A minimum order quantity is often seen as a necessary evil in wholesaling, retailing, and manufacturing.
Some businesses like it, some businesses hate it, and some businesses have to use it.
But what is a minimum order quantity exactly? What are its benefits for suppliers? And how do buyers effectively deal with it?
Read on to answer all of these questions and learn how suppliers can use minimum order quantities to their advantage and how buyers can make it worth their time.
A minimum order quantity (MOQ) is the lowest set amount of stock that a supplier is willing to sell. If you can’t purchase the MOQ of a specific product, then the supplier won’t sell it to you.
All MOQs vary, depending on the product.
High-ticket items that cost more to produce will usually have a lower MOQ than low-ticket items that are easy and cheap to produce.
If you’re a buyer, we’ll show you how to navigate MOQs later in this post.
If you’re a supplier, let’s look at what its benefits are to your business.
The purpose of minimum order quantities is to allow suppliers to increase their profits while getting rid of more inventory more quickly and weeding out the “bargain shoppers” simultaneously.
A minimum order quantity is set based on your total cost of inventory and any other expenses you have to pay before reaping any profit – which means MOQs help wholesalers stay profitable and maintain a healthy cash flow.
Wholesalers don’t always prefer this way of doing business, but in many cases, wholesalers are forced to sell using MOQs because they’re forced to buy a minimum of stock from the manufacturer.
Here’s an example of how to use MOQs in your business:
Let’s say you sell golf balls. For retail customers who are buying in small quantities, you sell one pack of golf balls for $10.
If you want to sell wholesale, then you should reduce your price just enough to make it a good deal for the buyer, while allowing you to make a larger profit and quickly reduce your inventory at the same time – like golf ball packs for $5 a piece with an MOQ of 100 packs.
The goal is to attract a small amount of buyers who purchase the largest amount of your stock.
Since you know minimum order quantities are often used by wholesalers to find the best buyers and stay profitable, you can attempt to present yourself as their ideal client while negotiating lower prices or looking for the deal that is the most mutually beneficial.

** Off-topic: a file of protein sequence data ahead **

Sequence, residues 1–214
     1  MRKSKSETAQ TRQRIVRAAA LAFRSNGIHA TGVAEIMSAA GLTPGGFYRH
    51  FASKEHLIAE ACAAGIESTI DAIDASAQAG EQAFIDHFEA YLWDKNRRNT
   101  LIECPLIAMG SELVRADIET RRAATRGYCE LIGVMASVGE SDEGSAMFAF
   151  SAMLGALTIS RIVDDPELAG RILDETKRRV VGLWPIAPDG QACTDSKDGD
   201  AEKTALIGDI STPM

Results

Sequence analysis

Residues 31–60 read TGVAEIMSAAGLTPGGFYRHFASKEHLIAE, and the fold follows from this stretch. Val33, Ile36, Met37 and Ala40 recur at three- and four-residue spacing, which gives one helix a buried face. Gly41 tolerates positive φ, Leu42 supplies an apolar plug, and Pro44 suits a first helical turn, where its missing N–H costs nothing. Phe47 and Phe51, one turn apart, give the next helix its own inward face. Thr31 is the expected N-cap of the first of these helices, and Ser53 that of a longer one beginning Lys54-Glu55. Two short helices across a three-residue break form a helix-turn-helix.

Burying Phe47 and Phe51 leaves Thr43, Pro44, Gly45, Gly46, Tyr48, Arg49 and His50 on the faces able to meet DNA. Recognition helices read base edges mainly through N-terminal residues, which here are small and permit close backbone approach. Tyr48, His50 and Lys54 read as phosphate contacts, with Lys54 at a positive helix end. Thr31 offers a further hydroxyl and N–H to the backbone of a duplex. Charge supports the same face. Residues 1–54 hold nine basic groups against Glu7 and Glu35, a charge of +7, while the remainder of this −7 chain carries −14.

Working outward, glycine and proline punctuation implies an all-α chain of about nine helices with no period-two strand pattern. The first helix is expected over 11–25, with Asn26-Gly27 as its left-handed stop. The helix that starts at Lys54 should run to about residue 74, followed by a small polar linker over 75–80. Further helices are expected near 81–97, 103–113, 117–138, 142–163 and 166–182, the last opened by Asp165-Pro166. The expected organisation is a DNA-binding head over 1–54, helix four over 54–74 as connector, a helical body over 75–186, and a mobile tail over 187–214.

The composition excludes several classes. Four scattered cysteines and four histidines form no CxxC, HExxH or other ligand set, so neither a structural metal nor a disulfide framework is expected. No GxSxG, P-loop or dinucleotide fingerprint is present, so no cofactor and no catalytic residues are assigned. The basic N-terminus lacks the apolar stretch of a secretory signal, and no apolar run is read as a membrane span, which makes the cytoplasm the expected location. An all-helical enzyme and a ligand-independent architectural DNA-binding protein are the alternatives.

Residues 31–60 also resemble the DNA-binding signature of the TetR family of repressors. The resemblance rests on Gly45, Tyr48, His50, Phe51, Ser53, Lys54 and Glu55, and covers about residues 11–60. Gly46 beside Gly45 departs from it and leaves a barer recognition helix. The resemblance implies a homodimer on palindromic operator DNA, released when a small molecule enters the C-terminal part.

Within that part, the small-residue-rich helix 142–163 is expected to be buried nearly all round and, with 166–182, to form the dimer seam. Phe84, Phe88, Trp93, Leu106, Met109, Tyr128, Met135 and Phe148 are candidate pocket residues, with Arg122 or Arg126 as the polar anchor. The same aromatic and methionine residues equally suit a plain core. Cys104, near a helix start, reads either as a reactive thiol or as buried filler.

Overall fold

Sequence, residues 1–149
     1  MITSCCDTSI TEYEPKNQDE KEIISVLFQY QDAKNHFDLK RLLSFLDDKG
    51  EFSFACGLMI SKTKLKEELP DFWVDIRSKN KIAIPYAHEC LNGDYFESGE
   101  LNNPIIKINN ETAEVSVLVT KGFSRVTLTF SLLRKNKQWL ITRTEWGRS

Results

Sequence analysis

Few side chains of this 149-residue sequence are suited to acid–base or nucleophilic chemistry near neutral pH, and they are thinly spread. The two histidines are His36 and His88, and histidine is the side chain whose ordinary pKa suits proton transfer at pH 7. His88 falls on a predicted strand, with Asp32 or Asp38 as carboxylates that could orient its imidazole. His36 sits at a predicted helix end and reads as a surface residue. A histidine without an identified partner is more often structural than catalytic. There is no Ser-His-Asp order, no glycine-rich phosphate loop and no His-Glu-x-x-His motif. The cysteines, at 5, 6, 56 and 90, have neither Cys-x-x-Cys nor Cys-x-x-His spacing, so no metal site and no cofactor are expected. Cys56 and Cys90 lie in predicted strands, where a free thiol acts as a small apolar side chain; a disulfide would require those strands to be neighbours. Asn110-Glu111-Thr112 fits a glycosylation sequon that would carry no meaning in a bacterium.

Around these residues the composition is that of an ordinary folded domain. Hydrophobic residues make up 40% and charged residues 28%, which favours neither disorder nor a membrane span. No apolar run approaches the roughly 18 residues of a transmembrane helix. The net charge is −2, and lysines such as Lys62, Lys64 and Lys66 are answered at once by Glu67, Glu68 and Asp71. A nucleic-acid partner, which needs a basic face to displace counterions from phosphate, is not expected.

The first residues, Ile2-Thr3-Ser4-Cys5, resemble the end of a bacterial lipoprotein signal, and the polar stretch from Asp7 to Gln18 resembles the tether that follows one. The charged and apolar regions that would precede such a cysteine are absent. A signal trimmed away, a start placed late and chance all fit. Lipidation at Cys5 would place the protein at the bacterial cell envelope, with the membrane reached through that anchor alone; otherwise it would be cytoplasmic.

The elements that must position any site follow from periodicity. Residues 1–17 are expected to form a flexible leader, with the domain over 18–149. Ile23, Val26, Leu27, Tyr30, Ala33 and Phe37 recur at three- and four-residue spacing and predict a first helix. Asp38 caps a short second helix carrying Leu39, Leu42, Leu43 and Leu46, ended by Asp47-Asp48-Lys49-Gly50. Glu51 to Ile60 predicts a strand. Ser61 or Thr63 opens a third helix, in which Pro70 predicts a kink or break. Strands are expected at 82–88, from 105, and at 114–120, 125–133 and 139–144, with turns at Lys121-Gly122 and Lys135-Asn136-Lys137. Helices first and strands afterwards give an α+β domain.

Here are a few tips for dealing with MOQs and making them worthwhile:
If you want to make MOQs worth it, then you should start by attempting to negotiate a lower price.
The supplier may not be able to lower the price, but you’ll never know if you don’t ask.
If you develop a good relationship with a supplier, or it’s a slow time of year for them, or if they’ve overstocked their shelves, you’ll have a better chance at persuading a supplier to lower their prices.
But if the supplier is in high-demand with loyal customers, it’ll be difficult to get a deal. In that situation, if you want the product bad enough but don’t want the full minimum quantity, your best course of action would be to pay more to receive less.
The caveat to online marketplaces is that you should still vet the suppliers you want to buy from, even if the marketplace initially vetted them.
The best part about B2B marketplaces is that you can usually find more low or non-existent MOQs online than you could otherwise.
Trading companies can place one order for multiple buyers. This means you can meet the supplier’s minimum order requirement without paying full price and without taking the full inventory.
This lowers the price of the MOQ for all buyers involved and reduces the impact of holding more inventory than you need.
Minimum order quantities are just one tool out of many that suppliers can use to optimize their business.
If you’re selling online wholesale, you should enforce MOQs, but you should also try reducing your shopping cart abandonment or choose the right selling environment when deciding between Amazon Seller Central vs Vendor Central.
Similarly, MOQs are just one of many hurdles that buyers have to overcome.
But If you’re a buyer or a seller, there’s one tool you both should be using:
This will allow you to know how much you need to sell or buy in real-time, provide accurate forecasts for future demand, and enable easier stocktaking for streamlined productivity.
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